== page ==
If there’s a difference between a cliché and a trope, it’s that a trope can be the start of something great, but a cliché is where things end up, often being not-so-great. Nightmare Inspector has its own internal set of tropes, but they never bottom out into cliché. We have Hiruko the baku, an intriguing narrator with motives of his own, with an instinct for things being askew. Said instinct leads him into the ugly spaces in people’s lives that are never what they seem like at first (or even second) glance. Think of Georges Simenon’s Inspector Maigret, turning over rocks in Paris’s darker corners and finding human monsters. Here, it’s 1920s Tokyo, and it’s every bit as decadent and seamy if not more so.
It’s either great or terrible that the first chapter of volume 7 is the best thing in the whole book — possibly even the series as a whole. Great, because right from the start you get a sense of just what sort of heights this series can rise to. Terrible, because while the rest of the adventures in the book are still inspired, they come in a distant second. Put this episode last and it would have had even more impact. Said episode gives us a manga-ka who’s come to the Silver Star to have one of his dreams investigated — a dream which is itself in the form of a four-panel manga. The whole way this is depicted is nothing short of brilliant; it’s as much a commentary on manga as an art form as it is a clever use of the medium for the sake of the story.
The rest of the book, as I mentioned, never rises quite that
stratospherically but hits plenty of high notes all the same. They also
help solidify the approach for the whole series: every nightmare
explored is a reflection of the guilt and fear of the dreamer, a map of
their transgressions. Problem is, sometimes the mapmaking isn’t all
that accurate. The unconscious is a warping mirror, and what seemed
like paradise turns out to be hell or vice versa. This comes through
most effectively in two chapters; the first features a young man who
isn’t sure if he’s a man or a woman seeking Hiruko’s help, and even
those of us in the audience with some understanding of the knotty
issues surrounding gender dysphoria will be surprised at what happens.
The other involves a photographer becoming obsessed with a
picture, convinced that a murder is taking place there. It’s sort of a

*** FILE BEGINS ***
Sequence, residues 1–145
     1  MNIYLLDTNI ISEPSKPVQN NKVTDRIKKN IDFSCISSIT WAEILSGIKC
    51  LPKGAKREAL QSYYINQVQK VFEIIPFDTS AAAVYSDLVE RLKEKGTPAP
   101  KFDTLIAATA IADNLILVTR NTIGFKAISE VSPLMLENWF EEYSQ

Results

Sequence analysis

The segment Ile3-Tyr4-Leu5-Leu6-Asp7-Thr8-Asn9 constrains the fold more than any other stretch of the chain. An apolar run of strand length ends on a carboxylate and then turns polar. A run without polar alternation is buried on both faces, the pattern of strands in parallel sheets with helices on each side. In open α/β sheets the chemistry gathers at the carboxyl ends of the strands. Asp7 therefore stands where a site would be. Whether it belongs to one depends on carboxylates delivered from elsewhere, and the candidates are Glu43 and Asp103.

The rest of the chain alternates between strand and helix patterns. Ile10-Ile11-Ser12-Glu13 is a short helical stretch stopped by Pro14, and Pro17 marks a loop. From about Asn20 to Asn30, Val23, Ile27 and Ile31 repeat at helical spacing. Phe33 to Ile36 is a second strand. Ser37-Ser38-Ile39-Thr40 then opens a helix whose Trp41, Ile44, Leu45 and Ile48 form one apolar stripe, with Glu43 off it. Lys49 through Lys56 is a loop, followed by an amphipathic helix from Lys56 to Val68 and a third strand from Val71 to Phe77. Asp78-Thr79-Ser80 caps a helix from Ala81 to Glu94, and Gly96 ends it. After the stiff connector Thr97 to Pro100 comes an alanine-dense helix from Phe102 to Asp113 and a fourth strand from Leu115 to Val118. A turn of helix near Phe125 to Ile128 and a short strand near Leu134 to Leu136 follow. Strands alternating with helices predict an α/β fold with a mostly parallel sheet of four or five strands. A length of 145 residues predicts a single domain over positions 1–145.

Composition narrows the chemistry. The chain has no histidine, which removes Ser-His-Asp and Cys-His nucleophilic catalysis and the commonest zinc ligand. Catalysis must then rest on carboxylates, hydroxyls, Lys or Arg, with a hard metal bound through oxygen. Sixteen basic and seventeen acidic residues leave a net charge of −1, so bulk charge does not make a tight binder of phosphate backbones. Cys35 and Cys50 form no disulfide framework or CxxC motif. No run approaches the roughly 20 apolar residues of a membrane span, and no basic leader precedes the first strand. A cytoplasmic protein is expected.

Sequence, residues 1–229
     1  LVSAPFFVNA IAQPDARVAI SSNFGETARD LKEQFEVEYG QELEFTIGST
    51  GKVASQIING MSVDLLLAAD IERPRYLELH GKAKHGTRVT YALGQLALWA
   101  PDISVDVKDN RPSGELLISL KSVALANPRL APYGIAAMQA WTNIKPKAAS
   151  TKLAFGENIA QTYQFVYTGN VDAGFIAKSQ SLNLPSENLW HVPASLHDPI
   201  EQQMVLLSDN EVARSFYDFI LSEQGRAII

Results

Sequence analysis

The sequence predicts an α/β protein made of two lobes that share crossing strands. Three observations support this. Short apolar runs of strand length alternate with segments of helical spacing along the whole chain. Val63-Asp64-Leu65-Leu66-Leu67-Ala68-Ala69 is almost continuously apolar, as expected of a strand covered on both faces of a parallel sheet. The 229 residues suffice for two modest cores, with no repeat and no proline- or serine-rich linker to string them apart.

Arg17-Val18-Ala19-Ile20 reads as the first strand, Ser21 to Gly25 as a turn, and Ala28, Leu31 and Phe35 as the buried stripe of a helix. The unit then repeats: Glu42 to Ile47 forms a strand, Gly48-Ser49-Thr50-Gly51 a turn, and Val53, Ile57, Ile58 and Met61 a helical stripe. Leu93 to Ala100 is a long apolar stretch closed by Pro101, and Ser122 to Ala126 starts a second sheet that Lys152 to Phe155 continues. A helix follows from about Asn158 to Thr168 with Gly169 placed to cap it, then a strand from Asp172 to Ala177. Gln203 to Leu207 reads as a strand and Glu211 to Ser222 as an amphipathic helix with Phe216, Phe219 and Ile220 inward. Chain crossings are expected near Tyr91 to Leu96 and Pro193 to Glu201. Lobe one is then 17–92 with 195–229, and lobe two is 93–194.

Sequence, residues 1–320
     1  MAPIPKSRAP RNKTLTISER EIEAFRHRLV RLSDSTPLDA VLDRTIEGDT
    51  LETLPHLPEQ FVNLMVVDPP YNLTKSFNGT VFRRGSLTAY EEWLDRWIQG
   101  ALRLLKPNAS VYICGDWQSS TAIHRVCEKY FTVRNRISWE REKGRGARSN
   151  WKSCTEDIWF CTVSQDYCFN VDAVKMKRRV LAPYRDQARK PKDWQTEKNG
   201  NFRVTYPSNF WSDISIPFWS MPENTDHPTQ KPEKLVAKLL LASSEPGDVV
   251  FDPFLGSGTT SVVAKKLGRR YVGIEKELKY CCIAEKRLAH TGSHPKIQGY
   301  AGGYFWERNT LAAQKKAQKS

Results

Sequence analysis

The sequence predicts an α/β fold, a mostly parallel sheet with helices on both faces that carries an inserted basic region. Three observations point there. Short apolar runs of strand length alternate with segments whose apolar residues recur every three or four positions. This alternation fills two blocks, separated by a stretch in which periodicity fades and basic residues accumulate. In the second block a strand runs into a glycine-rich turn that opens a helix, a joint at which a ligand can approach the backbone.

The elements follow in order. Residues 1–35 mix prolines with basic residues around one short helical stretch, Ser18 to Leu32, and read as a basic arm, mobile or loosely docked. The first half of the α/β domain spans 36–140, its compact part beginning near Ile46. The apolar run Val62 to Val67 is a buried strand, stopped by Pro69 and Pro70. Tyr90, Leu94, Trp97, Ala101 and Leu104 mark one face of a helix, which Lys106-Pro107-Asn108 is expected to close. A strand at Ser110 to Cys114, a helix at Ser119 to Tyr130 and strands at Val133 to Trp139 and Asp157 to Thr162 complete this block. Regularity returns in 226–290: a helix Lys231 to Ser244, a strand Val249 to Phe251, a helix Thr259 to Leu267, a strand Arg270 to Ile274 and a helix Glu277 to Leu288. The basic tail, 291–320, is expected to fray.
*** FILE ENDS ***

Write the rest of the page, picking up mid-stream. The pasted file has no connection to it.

backwards tip of the hat to Antonioni’s Blow-Up: instead of
things becoming more disturbing as they are obscured, the plain and
uncontroversial truth of the matter (it’s not a murder after all) turns
out to be a trapdoor into madness.
Art: I’ve spent a good deal of my time in reviews of
previous installments talking about how great this manga looks, but
permit me to repeat myself: this is one of the best-looking comics I’ve
come across lately. So much so, in fact, that I’m a little disappointed
Viz didn’t print this in a larger format. Every page practically
glistens with detail, and Shin Mashiba’s character and costume designs
both pay homage to the Taishō period and expand on it. Mashiba also
doesn’t neglect the more macabre side of what he’s depicting: there’s
blood and some mildly disturbing imagery (although it doesn’t push too
far against the envelope of the T rating for the book). It’s nice to be
able to recommend a book this gorgeous without somehow feeling guilty
about it. My only gripe, such as it is, is that many of the characters
tend to have the same consistently androgynous look: sometimes they can
be a little difficult to tell apart at a glance.
Translation: The text of the translation itself I
have no objections with: it’s readable and free of any obvious
problems. However, there are a few things about the retouch job that
bugged me — for one, effects and some signage have been reworked in
English, but part of the beauty of the book is in the way such things
are presented. I couldn’t help but feel that those things would have
been best left as-is and annotated in the margins. They did preserve
the right-to-left formatting of the original, though, which is
something of a must for a book like this. Bonuses this time around
include a three-page “Afterword” (one page of which is a gorgeous
splash panel); a single-page gag manga — one of the pages from the manga
proper, but with different lettering and to hilarious effect; a pair of
four-panel “tag team manga” drawn by the art assistants; and a
single-page bonus rough sketch contributed by one of the staffers.
The Bottom Line: Nightmare Inspector’s remained consistently good-to-excellent across its run, and the fact that this volume contains one of my favorite episodes through the whole of the series speaks for itself.